Cloud Burst

Telecoms are Launching Massive Programs to Transform Network Infrastructure for an On-Demand World




Major telecoms face growing pressure from both consumers and competitors to transform the backbone of their networks. Data consumption is skyrocketing thanks to ubiquitous mobile devices, video streaming and the onset of the internet of things (IoT), while at the same time new low-cost wireless startups are challenging the viability of the sector's long-dominant business models. Competition is fierce—and customers expect affordable, unlimited data plans.

AT&T's network supports 137 petabytes* of data every day, and the organization expects traffic to increase tenfold in the next five years.

*1 million gigabytes

In response, telecoms like AT&T, Vodafone and SK Telecom are embracing the cloud and automation. They're launching massive multiyear transformation programs to jettison legacy, hardware-based network infrastructure and migrate to software- and cloud-based systems. The programs cut to the core of how these organizations operate, and promise to deliver new flexibility and efficiencies.

“Our old approach to business won't work in this environment,” says Sorabh Saxena, CIO of network and shared services, AT&T, Dallas, Texas, USA. “We had no choice but to pivot.” The organization is in the middle of a five-year program to virtualize its core network functions.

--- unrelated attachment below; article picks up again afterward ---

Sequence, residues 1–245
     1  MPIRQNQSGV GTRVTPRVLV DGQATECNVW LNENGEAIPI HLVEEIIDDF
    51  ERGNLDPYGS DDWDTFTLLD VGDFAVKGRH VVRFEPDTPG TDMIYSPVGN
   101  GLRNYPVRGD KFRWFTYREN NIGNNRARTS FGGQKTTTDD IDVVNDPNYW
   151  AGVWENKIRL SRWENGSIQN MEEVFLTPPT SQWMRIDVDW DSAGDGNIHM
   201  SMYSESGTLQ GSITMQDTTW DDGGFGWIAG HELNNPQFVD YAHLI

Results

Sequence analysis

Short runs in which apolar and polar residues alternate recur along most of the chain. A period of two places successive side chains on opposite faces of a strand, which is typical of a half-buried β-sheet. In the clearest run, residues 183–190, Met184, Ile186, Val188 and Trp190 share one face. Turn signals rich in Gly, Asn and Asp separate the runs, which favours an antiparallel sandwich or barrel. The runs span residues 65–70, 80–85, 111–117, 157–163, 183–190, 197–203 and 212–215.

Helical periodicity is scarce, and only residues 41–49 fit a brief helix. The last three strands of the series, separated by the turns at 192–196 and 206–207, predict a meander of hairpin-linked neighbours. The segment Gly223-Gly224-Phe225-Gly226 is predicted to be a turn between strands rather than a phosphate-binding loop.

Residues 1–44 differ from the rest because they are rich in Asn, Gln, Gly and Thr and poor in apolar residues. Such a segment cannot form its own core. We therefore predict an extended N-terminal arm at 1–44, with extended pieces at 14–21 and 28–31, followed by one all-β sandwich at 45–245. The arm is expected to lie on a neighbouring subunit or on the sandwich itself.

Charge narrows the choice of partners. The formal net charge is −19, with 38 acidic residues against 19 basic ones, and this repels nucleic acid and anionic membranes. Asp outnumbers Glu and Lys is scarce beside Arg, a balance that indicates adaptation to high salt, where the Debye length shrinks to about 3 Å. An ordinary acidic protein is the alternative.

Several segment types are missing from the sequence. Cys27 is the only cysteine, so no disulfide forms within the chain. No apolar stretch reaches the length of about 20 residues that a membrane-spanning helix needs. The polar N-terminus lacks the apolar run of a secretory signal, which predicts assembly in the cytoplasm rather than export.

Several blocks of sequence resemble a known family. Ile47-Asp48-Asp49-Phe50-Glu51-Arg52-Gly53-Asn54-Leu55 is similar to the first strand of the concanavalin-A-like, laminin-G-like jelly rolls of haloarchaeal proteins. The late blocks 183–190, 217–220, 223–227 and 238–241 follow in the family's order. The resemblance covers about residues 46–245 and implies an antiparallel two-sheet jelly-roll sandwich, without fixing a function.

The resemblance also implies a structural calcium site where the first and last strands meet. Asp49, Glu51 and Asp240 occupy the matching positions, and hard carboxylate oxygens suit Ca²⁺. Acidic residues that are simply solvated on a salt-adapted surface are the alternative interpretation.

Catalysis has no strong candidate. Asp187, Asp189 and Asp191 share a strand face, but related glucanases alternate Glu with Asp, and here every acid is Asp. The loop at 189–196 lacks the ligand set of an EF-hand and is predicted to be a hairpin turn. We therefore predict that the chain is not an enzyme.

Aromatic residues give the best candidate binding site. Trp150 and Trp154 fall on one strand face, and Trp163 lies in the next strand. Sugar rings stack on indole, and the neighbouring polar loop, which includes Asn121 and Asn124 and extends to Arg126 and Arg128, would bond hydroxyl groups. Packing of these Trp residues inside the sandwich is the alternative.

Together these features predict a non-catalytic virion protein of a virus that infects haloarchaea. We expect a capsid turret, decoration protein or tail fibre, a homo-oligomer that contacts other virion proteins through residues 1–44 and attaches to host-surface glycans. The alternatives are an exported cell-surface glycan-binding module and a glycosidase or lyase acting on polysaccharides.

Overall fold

AT&T's network supports 137 petabytes of data every day, and the organization expects traffic to increase tenfold in the next five years, Mr. Saxena says. “Customers aren't going to pay 10 times more for the same service.” And they aren't going to wait months for a new feature to be rolled out in a world where they can get the latest app or phone overnight.

Yet telecom companies today can't quickly upgrade to meet surging demand and deliver new functionalities. Their legacy networks are made up of hundreds of different types of computers with specialized chips, each in charge of a different function, from text messaging to controlling antennas. As a result, it can take months to set up a new service.



“These projects present an opportunity for telecoms to reinvent themselves.”

—Prayson Pate, ADVA Optical Networking, Morrisville, North Carolina, USA


“We have witnessed all the benefits happening in the cloud, and we are ready to take advantage of it.”

—Alex Choi, SK Telecom, Seoul, South Korea